Regarding Alexandra Petri’s June 29 op-ed column “Oh, the humanities!”:
As another happy but often derided English major, it has long been a rant of mine that so many American universities have been devolving into expensive vocational schools. As far as I can tell, large numbers of colleges no longer offer students anything resembling an education, let alone a higher one. How is it that anyone who graduates with a bachelor of fill-in-the-blank degree can know so little about so many things?
Once I worked with a woman who held a bachelor of science degree from a prestigious school right here in Washington but had no idea who Tchaikovsky was. This is a woman who did not grow up under a rock and who was very good at her information technology job, but who essentially knew nothing much at all about anything falling under the heading of liberal arts or the humanities. Needless to say, meaningful and interesting conversation with her on any subject other than work and certain glitzy elements of pop culture was a pipe dream.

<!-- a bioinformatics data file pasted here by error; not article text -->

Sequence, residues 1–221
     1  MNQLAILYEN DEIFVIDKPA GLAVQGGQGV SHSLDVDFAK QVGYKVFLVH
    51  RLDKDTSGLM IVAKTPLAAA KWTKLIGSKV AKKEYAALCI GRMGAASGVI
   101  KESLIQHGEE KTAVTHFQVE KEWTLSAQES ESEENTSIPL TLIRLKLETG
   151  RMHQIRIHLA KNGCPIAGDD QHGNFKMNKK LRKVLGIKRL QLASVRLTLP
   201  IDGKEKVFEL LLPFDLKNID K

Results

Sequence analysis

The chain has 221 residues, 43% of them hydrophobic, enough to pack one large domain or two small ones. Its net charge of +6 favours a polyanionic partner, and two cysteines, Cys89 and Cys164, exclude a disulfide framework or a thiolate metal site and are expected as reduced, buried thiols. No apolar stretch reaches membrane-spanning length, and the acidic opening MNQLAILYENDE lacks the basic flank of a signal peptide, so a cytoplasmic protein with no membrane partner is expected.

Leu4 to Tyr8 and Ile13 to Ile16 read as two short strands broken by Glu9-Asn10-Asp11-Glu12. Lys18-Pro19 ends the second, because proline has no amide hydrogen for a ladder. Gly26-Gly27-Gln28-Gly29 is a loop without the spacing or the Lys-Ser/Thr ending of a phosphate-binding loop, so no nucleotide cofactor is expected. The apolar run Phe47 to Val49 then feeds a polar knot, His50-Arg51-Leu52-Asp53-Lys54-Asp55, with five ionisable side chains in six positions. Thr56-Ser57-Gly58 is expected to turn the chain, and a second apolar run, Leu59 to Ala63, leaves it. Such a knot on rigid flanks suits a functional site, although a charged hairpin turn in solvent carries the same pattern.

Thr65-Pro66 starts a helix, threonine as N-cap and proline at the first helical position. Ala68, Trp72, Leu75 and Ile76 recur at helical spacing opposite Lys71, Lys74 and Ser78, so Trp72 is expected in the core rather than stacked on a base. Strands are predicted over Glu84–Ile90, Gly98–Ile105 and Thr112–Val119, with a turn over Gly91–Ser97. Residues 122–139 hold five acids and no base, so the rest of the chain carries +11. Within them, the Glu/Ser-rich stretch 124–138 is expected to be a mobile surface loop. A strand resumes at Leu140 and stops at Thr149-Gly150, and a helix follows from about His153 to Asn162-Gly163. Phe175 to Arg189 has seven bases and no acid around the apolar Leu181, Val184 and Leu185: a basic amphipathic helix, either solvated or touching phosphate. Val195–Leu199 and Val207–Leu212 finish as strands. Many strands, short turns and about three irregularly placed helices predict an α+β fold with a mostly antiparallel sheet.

Although most of my friends think I’m a bit of a lunatic on this subject, I firmly believe that university in its intended form is not for everyone, and that study of the humanities is essential to our survival as contemplative creatures. Getting an education is not the same thing as getting the credentials for a job. If you want to be an accountant or a software developer or a business manager, then get thee to a vocational school. If you want to be an educated person who genuinely strives to understand the vast and complex body of knowledge the world has amassed, then study liberal arts.
Linda Thél, Reston